RENTON — Call this the NFL’s version of a doubleheader.
If the Seahawks can beat the Rams in an actual NFL game Sunday at Lumen Field, they will be forced to play the waiting game to see if Detroit can beat Green Bay and allow Seattle to get into the playoffs.
The Seahawks, Lions and Packers all enter the weekend 8-8, each vying for the seventh — and final — spot in the NFC playoffs.
If Seattle gets to 9-8, it needs the Lions to beat the Packers at Lambeau Field since the Seahawks hold a tiebreaker edge on Detroit (due to a win over the Lions earlier this year) but not on Green Bay (due to a worse conference record).
But if the Seahawks lose to the Rams, it won’t matter, leaving the Lions and Packers to play for the last spot.
“All we’ve got is what we can do, and that’s going out there and winning this game on Sunday and becoming the biggest Detroit fans in the world after that,’’ said quarterback Geno Smith.
Neither game may be all that much fun.
As the longest-tenured Seahawk, Tyler Lockett, said this week: “If there’s any team that wants to spoil our season, that’s the Rams. Especially with Bobby (Wagner) being able to come back.’’
Indeed, there was a time — specifically, before the season began — when this game figured to be most notable for the return of Wagner, one of the most iconic and popular players in team history who was cut by Seattle on March 8, a few hours after the trade of Russell Wilson to Denver.
Those two moves had most NFL observers figuring that about the last thing Seattle would have on the line on the last weekend of the season was a winning record and a playoff berth — remember Sports Illustrated’s prediction that the Seahawks would go 3-14?
“I think nine wins in a season where nobody expected us to get three, four or five wins is a good thing,’’ receiver DK Metcalf said this week. “The goal is to always make the playoffs, and if we don’t do that, then winning our last game and having momentum for the next season is always the next step.”
And no doubt, simply beating the Rams and getting to 9-8 after the 7-10 record of last season with a team that is playing six rookies substantially — with legitimate candidates for Rookies of the Year on each side of the ball — and assured of a top-five pick in 2023 and as many as five in the top 85 would color this year as a significant step in the right direction for the long-term future of the franchise.
But after a surprising first half that saw Seattle jump out to a 6-3 record and what was at the time the team traveled to Munich to play Tampa Bay a game-and-a-half lead on the rest of the division, a losing record would be a bit of a disappointment, even despite all the bigger-picture positives of the year as a whole.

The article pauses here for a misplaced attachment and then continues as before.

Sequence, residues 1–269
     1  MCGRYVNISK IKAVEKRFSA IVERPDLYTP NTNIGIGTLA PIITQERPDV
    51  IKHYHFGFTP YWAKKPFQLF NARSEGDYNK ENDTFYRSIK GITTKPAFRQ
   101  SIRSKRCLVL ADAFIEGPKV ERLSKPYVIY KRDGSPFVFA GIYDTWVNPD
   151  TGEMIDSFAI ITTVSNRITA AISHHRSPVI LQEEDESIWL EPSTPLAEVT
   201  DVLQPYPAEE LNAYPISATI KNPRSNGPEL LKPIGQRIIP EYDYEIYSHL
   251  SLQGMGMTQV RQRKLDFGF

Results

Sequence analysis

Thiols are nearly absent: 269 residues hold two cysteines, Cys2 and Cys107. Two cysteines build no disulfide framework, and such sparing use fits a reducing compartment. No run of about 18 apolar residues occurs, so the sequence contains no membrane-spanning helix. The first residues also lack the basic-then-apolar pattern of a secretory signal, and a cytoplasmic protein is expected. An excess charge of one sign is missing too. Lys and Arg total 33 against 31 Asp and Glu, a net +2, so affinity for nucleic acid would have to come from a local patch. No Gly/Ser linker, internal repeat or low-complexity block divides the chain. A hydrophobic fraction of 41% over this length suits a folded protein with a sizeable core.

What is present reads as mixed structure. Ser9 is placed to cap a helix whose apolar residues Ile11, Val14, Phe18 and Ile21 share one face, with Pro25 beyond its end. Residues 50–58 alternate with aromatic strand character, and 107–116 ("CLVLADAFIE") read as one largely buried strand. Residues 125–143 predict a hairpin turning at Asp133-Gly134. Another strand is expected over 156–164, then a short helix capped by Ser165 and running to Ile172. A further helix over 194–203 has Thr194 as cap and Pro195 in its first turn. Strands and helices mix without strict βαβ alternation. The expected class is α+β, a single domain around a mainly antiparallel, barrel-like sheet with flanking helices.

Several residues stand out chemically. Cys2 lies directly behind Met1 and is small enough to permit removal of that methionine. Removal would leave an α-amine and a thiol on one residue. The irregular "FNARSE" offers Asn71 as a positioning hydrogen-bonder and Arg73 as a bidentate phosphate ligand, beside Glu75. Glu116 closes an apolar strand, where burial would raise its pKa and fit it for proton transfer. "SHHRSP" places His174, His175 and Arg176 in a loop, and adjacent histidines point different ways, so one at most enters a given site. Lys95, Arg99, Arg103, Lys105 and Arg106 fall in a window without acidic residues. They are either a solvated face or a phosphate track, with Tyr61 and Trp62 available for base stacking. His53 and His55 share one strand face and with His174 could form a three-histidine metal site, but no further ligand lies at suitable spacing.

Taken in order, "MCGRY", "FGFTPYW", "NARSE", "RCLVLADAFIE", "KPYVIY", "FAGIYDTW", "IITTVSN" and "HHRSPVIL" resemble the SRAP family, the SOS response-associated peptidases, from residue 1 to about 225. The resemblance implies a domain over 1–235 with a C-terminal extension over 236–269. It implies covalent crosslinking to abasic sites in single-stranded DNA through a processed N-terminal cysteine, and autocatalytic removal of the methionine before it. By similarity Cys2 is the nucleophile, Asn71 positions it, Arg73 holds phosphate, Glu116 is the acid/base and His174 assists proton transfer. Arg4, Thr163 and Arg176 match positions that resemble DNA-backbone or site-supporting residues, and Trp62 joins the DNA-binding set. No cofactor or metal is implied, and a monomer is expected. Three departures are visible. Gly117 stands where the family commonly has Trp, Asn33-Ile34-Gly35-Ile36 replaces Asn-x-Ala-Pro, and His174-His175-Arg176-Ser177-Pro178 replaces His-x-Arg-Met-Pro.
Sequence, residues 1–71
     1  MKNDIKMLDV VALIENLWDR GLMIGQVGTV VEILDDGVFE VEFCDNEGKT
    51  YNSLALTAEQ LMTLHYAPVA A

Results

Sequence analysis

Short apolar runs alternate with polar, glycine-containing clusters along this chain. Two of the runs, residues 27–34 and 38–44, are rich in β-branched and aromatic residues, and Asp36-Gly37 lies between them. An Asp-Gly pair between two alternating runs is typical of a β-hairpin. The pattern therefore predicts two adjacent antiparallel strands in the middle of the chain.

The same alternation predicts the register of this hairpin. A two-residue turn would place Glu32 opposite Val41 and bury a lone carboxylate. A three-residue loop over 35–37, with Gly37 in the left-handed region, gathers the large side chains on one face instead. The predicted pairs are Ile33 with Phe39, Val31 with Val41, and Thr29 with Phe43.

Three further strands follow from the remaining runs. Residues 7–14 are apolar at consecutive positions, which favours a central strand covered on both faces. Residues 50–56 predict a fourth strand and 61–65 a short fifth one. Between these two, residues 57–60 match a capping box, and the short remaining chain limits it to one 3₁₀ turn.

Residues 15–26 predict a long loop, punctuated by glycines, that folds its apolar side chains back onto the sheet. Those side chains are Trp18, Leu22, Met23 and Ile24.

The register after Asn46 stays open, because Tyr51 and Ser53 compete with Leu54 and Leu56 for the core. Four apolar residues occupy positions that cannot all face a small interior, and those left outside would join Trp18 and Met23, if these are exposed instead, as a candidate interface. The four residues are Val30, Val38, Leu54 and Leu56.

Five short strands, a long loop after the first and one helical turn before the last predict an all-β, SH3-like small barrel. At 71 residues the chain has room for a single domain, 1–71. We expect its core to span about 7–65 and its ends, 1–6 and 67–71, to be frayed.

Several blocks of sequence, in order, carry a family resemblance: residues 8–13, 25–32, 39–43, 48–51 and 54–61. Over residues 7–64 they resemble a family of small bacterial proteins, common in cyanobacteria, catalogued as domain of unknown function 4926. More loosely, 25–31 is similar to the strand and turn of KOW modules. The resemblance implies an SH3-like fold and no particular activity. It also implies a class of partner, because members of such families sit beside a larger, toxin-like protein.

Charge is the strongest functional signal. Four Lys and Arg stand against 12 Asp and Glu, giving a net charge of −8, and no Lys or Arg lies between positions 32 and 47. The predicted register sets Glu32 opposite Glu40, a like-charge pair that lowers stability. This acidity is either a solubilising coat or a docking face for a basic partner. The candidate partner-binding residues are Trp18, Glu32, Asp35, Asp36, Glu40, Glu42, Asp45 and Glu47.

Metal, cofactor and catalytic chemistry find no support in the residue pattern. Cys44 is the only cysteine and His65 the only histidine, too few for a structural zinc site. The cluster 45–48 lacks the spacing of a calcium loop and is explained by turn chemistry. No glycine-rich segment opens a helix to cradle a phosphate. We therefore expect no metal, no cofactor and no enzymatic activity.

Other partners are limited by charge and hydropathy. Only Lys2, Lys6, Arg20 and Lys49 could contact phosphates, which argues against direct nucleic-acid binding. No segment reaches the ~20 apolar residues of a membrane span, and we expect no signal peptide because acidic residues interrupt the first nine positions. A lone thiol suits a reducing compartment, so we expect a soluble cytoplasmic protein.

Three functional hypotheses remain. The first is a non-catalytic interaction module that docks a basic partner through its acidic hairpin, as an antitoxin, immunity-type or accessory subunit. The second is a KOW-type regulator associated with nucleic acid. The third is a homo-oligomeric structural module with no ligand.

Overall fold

“If we make the playoffs, then we can talk from there,’’ Metcalf said this week when asked if he would consider the season a success no matter what happens Sunday. “I don’t think it’s successful unless we make the playoffs.”
The good news is that Seattle is a 6.5-point favorite against a Rams team having the most disappointing season ever for a defending Super Bowl champion — LA’s 11 losses are already the most for any defending champ in league history.
The Rams also remain without stars such as quarterback Matthew Stafford, receiver Cooper Kupp and defensive tackle Aaron Donald, all out due to injury. Stafford’s injury compelled the Rams to pick up Baker Mayfield last month when he was waived by the Panthers, claiming him on Dec. 6, two days after John Wolford started for Los Angeles in a 27-23 loss against Seattle at SoFi Stadium.
Mayfield is 2-2 as the Rams starter, winning games at home against the Raiders and Wilson and the Broncos but losing at Green Bay 24-12 and what was technically a road game against the Chargers at SoFi last week, 31-10.
The bad news is that the Packers are a 4.5-point favorite at home and have won four in a row and five of seven, a stretch that includes victories against two 12-win teams in Dallas and Minnesota, the latter a dominating 41-17 victory last week.
Seattle may also be fighting the specter of Aaron Rodgers trying to get Green Bay into the playoffs one more time at the age of 39 with his future uncertain.
The Green Bay-Rodgers angle undoubtedly played into the decision of the NFL to flex the Packers-Lions game until after Seattle’s, creating what some felt was a potentially unfair advantage for Green Bay of Detroit potentially having nothing to play for if the Seahawks win.
“I was surprised because I would think that with the implications, you would try to match up both games at the same time and try to have guys play at the same time so we don’t know as much of what is going on,’’ said Seattle safety Quandre Diggs, who played for the Lions from 2015 until being traded to Seattle in Oct. 2019 and said this week he’s been calling some of his old teammates and offering to pay for their vacations if the Lions can pull off the win — a comment that may or may not have been serious.
“I was surprised that they did that,’’ Diggs said. “But it’s the NFL. You know what it is, it’s all about money. Show them the money and they will make it happen.”
That decision instead has left Seattle to try make it happen in the afternoon and then wait to see what happens at night.
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